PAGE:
|Day||Walk Type||Start Time||End Time|
|17 July 2021||Special||7 pm||8.30 pm||Summer|
|31 August 2021||Special||7 pm||8.30 pm||Summer|
|30 September 2021||Special||7 pm||8.30 pm||Summer|
|9 November 2021||Special||7 pm||8.30 pm||Winter|
Meet your guide – have a listen
The difference a great voice and delivery – a professionally trained voice – makes.
Or as one of Richard’s walkers – a young woman from Montana – put it: “I want Richard Walker in my pocket narrating my life.”
And for seconds, here’s an audio clip – a podcast – from the Jack the Ripper Virtual Tour.
BOOK HERE Literally and figuratively; yes, this is the legendary, gold standard Ripper walk created – and still mentored – by Donald Rumbelow, the distinguished crime historian and emeritus London Walks guide who is “internationally recognised as the leading authority on Jack the Ripper.” As New York Times Travel Editor Sarah Ferrell put it, “be careful about the Ripper tour since there are imitations…look for [the London Walks Donald Rumbelow-created walk]…Donald Rumbelow is the author of The Complete Jack the Ripper‘ and a former curator of the notoriously grisly City of London Police Black Museum (a crime museum open by appointment only), credentials that are scary in themselves.”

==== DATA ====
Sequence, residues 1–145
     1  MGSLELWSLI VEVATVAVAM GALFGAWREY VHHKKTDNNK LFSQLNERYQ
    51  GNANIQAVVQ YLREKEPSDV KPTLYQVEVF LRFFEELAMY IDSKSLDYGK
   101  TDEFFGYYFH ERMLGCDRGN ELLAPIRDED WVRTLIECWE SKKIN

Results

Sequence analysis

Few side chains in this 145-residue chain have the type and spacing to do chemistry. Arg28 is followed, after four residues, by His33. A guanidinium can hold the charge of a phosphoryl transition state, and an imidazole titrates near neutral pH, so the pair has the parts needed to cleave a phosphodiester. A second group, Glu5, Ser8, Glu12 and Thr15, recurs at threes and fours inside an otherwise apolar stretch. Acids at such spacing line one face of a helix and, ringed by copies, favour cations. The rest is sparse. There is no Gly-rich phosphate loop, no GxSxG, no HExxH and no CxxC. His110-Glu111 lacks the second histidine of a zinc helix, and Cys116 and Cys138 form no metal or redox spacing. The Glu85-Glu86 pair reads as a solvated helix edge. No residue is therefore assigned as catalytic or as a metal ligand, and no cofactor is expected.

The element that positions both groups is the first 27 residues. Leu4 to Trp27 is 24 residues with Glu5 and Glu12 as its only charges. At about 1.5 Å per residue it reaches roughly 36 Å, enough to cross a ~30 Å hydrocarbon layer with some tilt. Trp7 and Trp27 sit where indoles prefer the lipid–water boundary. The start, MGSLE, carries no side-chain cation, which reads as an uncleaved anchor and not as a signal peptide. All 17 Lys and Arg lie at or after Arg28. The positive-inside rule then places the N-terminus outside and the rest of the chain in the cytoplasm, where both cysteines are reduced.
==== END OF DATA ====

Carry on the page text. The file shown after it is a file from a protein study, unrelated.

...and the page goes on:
Jack the Ripper – a name that is as well known today as it was 132 years ago. But the nightmare began 6 months before anybody had heard of Jack the Ripper.
On April the 3rd 1888 a 45-year-old woman by the name of Emma Elizabeth Smith was brutally attacked in Osborn Street. A street that runs north off Whitechapel Road. She died the next day from her injuries.
Four months later on August the 7th the body of a 39-year-old woman, Martha Tabram, was found on the 3rd-floor landing of a building just off Whitechapel Road. She’d been stabbed 39 times.
Three weeks later the body of a 43-year-old woman was found in a lane just behind Whitechapel Underground Station.
London in 1888 was lit by gas; no electric light back then. Everything on the road moved by horse power or man power; no motor cars. In the autumn the smoke from half a million coal fires was trapped in the mist rolling in from the sea creating a suffocating smog. This was the world in which 4 million Londoners fought each day to survive.